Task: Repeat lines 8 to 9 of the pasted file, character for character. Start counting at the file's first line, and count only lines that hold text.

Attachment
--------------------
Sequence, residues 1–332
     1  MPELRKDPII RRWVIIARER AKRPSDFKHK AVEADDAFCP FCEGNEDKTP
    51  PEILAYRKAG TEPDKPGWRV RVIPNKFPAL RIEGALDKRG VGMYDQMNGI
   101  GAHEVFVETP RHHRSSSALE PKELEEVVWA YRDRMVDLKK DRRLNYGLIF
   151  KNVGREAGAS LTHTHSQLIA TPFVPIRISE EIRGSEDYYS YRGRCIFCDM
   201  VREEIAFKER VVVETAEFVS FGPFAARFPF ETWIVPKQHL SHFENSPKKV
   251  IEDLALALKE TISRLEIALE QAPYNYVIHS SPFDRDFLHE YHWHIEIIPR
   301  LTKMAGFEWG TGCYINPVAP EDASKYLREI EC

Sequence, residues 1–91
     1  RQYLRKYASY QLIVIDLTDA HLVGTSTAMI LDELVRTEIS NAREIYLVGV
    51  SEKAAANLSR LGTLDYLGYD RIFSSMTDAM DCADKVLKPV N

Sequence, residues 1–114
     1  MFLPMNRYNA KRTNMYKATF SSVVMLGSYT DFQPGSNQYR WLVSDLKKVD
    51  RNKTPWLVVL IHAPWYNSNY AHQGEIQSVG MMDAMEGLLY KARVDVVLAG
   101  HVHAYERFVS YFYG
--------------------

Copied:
   301  LTKMAGFEWG TGCYINPVAP EDASKYLREI EC

Sequence, residues 1–91